Sunday 8 December 2019

Breastfed until she was three, now she's a confident teen

Baffled at the reaction to the 'Time' cover photo, Antonia Leslie found that attachment parenting worked a treat

When the cover of Time magazine featured a woman breastfeeding a three-year-old boy, I found it funny that people were astounded a mother would offer her own breast milk to a toddler in the place of the milk of another mammal -- a cow. Somehow they saw it as wrong that the breast should be perceived solely as a milk-providing device, and not a sexual image for grown men. They also seemed to think that this new attachment parenting technique (which isn't new at all) would make the child feel it was the centre of the universe and become spoilt. Well, I know attachment parenting as I practised it with my own daughter

Thirteen years ago, while pregnant, and reading every book under the sun on baby nurturing, a friend sent me a book called The Vital Touch, by anthropologist and psychologist Sharon Heller. Sharon had studied human development for years and concluded that, while we can't have our babies strapped to us 24/7 in this modern world, feeling constantly safe and loved as a baby close to a carer's body means the child's nervous system doesn't get used to producing stress hormones. By letting the baby sleep when it is tired and not when some book of routine says it should, and eat when hungry, the younger adult will learn not to over-eat, to sleep when tired, basically to self-regulate.

I slept with my child from day one; we never bought her a cot. I breastfed her on demand until she was three-and-a-half. I only stopped when she had to go to her father for a week and my milk dried up. OK, aged three-and-a-half she was mostly breastfed on waking in the morning and to sleep at night. During the day she had beakers of formula and bottles. But she always comfort suckled to sleep on my later empty breast up until aged five or so.

She never wanted a soother as a baby -- believe me I tried giving them to her many times, but they were chucked away in disgust. At six months old I got her to take her first bottle during the day when I was rushing round and didn't have the time to breastfeed so I pushed the pram and she took the bottle no problem.

I also didn't have a set bedtime for her. No endless hours of trying to get a baby "down" and rushing in the middle of the night for feeds and to soothe crying. No issue around sleep time at all, just pleasant long slumbers in my arms on the sofa, and later in my bed. I remember a small tugging on my nipple around 4am or 5am as she found the breast herself as she slept beside it. I slept long peaceful nights and lay in in the mornings with a happy, fed, sleeping baby in my arms or beside me. I couldn't understand why anyone would go to all the bother of getting up to make bottles, or even getting baby in another room to breastfeed in the middle of the night. Apart from the first two months of colic there were no interrupted nights spent listening out for baby crying down the hall. So much avoidable hassle.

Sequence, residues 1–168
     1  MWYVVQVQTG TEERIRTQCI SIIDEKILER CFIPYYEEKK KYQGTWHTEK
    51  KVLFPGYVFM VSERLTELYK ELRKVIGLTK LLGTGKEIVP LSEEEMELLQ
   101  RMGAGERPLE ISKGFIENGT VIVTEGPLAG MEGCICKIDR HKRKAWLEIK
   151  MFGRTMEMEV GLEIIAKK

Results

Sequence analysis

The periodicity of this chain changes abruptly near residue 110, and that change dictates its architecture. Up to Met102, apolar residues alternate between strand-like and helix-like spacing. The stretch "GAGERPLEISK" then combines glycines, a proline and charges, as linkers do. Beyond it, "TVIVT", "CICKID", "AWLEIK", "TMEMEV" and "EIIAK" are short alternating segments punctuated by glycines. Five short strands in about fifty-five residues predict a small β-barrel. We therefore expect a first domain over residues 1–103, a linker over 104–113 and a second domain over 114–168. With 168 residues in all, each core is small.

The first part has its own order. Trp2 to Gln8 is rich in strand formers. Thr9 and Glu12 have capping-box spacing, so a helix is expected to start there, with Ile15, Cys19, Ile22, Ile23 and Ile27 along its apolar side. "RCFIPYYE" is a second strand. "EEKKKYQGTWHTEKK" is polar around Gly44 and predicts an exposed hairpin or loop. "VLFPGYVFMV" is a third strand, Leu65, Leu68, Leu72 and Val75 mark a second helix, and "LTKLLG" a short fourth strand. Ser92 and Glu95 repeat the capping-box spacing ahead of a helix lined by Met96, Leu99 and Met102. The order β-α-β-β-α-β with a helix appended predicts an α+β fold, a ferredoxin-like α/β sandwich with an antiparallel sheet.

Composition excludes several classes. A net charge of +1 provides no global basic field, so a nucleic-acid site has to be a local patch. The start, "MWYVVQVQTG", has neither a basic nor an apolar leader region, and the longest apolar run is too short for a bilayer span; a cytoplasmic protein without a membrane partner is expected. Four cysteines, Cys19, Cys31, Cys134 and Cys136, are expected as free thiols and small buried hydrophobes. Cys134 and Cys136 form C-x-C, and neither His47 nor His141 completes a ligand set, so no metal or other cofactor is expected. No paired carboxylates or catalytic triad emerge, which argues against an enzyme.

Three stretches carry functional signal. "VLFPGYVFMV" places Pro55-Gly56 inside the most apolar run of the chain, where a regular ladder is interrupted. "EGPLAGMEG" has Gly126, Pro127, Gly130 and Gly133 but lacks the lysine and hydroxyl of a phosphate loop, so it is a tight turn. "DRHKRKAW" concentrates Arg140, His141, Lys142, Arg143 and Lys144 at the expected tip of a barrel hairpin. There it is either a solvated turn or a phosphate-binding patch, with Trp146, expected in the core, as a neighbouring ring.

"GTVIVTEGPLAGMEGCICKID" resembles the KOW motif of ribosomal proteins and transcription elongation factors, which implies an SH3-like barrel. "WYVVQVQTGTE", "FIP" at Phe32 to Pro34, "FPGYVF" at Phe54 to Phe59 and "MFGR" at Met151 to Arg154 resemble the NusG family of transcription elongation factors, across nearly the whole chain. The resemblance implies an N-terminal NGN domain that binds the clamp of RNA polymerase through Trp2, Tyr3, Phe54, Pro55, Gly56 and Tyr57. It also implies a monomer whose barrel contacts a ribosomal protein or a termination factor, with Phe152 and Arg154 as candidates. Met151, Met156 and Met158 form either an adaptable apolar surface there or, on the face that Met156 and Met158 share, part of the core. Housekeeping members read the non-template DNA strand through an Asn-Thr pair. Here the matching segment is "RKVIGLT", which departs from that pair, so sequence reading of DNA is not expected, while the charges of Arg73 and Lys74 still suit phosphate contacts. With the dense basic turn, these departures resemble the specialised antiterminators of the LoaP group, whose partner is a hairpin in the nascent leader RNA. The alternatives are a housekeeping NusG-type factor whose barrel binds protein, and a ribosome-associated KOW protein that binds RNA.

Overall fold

My friends' mothers were dubious. You will have a clingy pampered child later on, they warned. Not so, said Sharon Heller. The child who is carried around close to mom's body and who sleeps beside mom, will, on her own initiative, decide to climb down from mom's lap and discover separation at her own pace. My daughter did precisely that. On her own initiative she climbed down and crawled away, coming back for reassurance if she felt she needed it.

When I wasn't always close at hand, another adult with whom she was familiar would substitute. As a result, my daughter was an outgoing trusting baby and toddler. Aged four and five she was the first among her peers to want to go and sleep somewhere else away from mommy.

Even now she is great with new people and I wish she would come home more. As an infant she was very noticeably more independent then her peers in kindergarten and later in school, something many of her teachers commented on.

I have heard concern expressed about Sudden Infant Death Syndrome (SIDS) or the parent rolling over on an infant sharing a bed. Statistics show more babies die of SIDS alone in cots then in bed with their moms. Babies attune to their mom's breathing patterns and the mom's body naturally regulates baby's body temperature. And, no, you don't "roll on" your child in your sleep. I kept my daughter on the outside of the bed, level with my neck or breast and loads of pillows on the floor in case she rolled out. She never did.

Instinctively, even in my sleep, I knew where she was all the time.

You may well ask about what Borat would call seeexy time ... with dad. Well, it spiced up the love life. Sneaking away, climbing over a sleeping baby to make passionate love on the sofa or living room floor, then sneaking back into the bedroom and climbing into bed without waking her up. It felt naughty and forbidden. Not mundane and routine.

I'd never dream of trying to impose my thinking on others. Most parents, through trial and error, find a method that suits them. And I think common sense prevails. I'm just saying it really worked for me.

And even after all those years of breastfeeding, I still enjoy grown men admiring my breasts as objects of desire, at the appropriate time and place. So no worries there either.

Sunday Independent

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